54 days to go: Johnny Watkiss' FIFA World Cup story

As part of the run-up to the 2018 FIFA World Cup, we are profiling every Australian player that has been to football's showpiece event.

The latest member in our countdown is Johnny Watkiss, a highly-rated utility who played in just about every position during a decorated career.

His selection in the 1974 squad was rich reward for the oldest player on Rale Rasic's roster.

READ: FIFA World Cup: Countdown for the Caltex Socceroos

Cap number: 174

World Cups played at: 1974

Position: Various

Age at World Cup: 33 (now 77)

Clubs played for:

Canterbury-Marrickville, APIA Leichhardt, Hakoah, Sutherland.

Best World Cup moment:

At 33, Watkiss was the most senior member of Rasic's squad.

The versatile midfielder didn't see any minutes in West Germany, but simply being at the tournament was well-earned reward for almost 10 years of service to the national team.

He was one of few survivors of Australia's unsuccessful first attempt to qualify in 1965, and was at the centre of more heartbreak four years later as his second-leg goal against Israel was not enough to avoid an aggregate play-off defeat.

But redemption was to come in 1973, with Watkiss appearing in the first of the three matches against South Korea that ended his long wait.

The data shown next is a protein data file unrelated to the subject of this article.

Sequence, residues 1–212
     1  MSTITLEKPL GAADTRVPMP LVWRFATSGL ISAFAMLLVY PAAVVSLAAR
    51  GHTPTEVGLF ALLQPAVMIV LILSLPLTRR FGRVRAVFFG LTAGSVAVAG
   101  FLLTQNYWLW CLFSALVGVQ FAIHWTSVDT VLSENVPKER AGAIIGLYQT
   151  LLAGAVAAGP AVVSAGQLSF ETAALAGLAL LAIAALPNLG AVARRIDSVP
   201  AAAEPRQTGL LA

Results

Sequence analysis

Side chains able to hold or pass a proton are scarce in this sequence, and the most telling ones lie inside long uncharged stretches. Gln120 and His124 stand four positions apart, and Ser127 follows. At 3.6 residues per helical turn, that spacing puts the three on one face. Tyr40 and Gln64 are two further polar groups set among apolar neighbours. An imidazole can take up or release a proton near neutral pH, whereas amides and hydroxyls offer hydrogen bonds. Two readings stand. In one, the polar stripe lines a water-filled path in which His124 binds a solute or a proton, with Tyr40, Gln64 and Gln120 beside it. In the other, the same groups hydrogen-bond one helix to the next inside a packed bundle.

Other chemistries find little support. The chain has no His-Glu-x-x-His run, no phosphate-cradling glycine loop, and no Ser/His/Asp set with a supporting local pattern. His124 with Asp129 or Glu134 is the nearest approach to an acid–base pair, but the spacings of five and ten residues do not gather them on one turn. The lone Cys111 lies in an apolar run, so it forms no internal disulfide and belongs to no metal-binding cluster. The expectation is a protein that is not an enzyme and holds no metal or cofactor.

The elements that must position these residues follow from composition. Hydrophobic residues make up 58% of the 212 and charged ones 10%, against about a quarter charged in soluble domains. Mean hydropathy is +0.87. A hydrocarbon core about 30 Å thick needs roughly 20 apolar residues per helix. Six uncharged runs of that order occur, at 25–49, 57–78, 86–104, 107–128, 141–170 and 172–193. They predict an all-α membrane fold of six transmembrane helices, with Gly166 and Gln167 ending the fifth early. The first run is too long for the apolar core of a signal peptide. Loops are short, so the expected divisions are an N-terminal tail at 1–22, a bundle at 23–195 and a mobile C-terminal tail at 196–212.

Career highlight:

Watkiss took on a player-coach role with Sutherland in 1977 and, despite being in the twilight of his career, was named Player of the Year in New South Wales for the second time.

An even greater achievement was to come the following season as he led the club to its first two major trophies in a landmark double, beating Sydney Croatia in both the Grand Final and the AMPOL Cup.

Post-playing career:

Having hung up the boots after that success, Watkiss continued to coach Sutherland until the club missed out on a place in the expanded National Soccer League in 1984.

He was an inaugural inductee into the FFA Hall of Fame in 1999, and was fittingly in attendance on the night Australia lifted its qualifying curse and reached the 2006 FIFA World Cup.

In a later interview, one the greatest players the country has produced correctly predicted Guus Hiddink's side would escape the group stage.

Did you know?

Born in England, Watkiss moved to Australia at a young age and became a childhood friend of Johnny Warren, who grew up in the same Sydney suburb of Botany.

Their careers were intertwined, appearing together for Canterbury-Marrickville, debuting at international level five days apart and then being included together in the 1974 squad.

*Photographs from the Les Shorrock, Laurie Schwab and Anton Cermak collections are used with permission from Deakin University Library, Eileen Shorrock and Mrs Jana Cermak.